• ‘And then the programme totally contradicted him by showing a computer animation in which they illustrated how the structure might have been covered in a mound of earth, as some kind of barrow.’
      • ‘His story began to collapse as other witnesses contradicted him.’
      • ‘Without going into all the nitty-gritty details, Rice gave her loose denial when there was very little in the public record to contradict her.’
      • ‘No one fell over themselves to contradict him either.’
      • ‘None of these officials has dared to contradict Carter on this.’
      • ‘As a child I would never have dared to contradict my parents.’
      • ‘That wasn't true, but I didn't contradict her because I knew that would just make things worse.’
      • ‘I hesitated to contradict him, but I believed he was missing the point.’
      • ‘Now no one will speak candidly about him or take him on or contradict him.’
      • ‘No one will dare contradict you or insinuate that you've taken your ideas from others!’
      • ‘He said it uninhibited by any fear that someone might laugh at or contradict him.’
      • ‘Some sought to contradict him, while others tried, unsuccessfully, to ignore his prying.’
      • ‘Having said this, lots of people have other experiences which might contradict me here.’
      challenge, oppose, argue against, go against, be at variance with
      View synonyms
    2. 1.2Be in conflict with.
      ‘that evaporation seems to contradict one of the most fundamental principles of physics’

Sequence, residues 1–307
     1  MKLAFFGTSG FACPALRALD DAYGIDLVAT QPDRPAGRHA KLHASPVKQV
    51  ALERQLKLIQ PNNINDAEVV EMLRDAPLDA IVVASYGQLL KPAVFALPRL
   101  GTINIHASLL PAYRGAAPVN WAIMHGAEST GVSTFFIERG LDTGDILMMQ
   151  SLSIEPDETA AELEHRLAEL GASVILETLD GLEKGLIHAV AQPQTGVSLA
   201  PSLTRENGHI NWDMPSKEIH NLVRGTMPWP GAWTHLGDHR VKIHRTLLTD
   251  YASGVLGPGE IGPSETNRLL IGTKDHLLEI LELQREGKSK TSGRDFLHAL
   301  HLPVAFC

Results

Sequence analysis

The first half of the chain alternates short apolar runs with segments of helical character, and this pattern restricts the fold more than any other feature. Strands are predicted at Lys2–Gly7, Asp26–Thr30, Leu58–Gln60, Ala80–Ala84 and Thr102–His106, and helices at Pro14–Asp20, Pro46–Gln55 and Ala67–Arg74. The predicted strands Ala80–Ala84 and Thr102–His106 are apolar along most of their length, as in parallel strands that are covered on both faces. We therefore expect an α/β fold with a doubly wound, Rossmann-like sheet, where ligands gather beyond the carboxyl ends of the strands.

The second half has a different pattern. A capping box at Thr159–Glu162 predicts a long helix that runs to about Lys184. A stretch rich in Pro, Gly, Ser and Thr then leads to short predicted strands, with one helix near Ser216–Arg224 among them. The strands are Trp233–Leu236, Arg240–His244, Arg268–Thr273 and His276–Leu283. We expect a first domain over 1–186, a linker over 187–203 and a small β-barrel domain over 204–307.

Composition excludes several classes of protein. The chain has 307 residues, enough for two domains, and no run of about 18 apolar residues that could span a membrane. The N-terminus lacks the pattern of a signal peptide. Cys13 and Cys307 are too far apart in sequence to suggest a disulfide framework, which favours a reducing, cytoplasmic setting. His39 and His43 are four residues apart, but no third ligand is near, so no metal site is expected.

• ‘The teachers and certain people in the administration are extremely closed-minded to any ideas that conflict or contradict their own.’
      • ‘These figures, which document an out-of-control war on drugs in the city, contradict the rhetoric we are hearing from all quarters.’
      • ‘He pointed out, however, that the introduction of minimum buyout prices of grain, as the producers want, is not possible, because it contradicts the market logic.’
      • ‘The main argument against allowing such a defence is that it contradicts the temporal logic of the law.’
      • ‘If you can reason from self-evident propositions and not contradict the laws of logic as you reason, anything you deduce can only be true.’
      • ‘But I can't see how imagination would in any way contradict logic.’
      • ‘However, this week the high court contradicts history, logic and law in denying our inalienable right to acknowledge God.’
      • ‘Expectations that contradict actual experience cause stress for survivors and potential conflicts with family, work, and the medical team.’
      • ‘I intend to show that Behe's assertion contradicts logic.’
      • ‘This clearly contradicted previous concerns about competition and conflict with the works of art.’
      • ‘Shortly thereafter, completely contradicting this advice, the ship's captain indicated that he would enter Australian territorial waters and approach Christmas Island.’
      • ‘That doesn't mean she needs to contradict her own personality by, in turn, copying me.’
      • ‘Clearly their behavior in the past eight years blatantly contradicts these principles and makes a mockery of their promises.’
      conflict with, be at odds with, be at variance with, disagree with, be inconsistent with, clash with, run counter to, give the lie to, belie
      View synonyms

Origin

Late 16th century from Latin contradict- ‘spoken against’, from the verb contradicere, originally contra dicere ‘speak against’.

Pronunciation

contradict

/ˌkäntrəˈdikt/ /ˌkɑntrəˈdɪkt/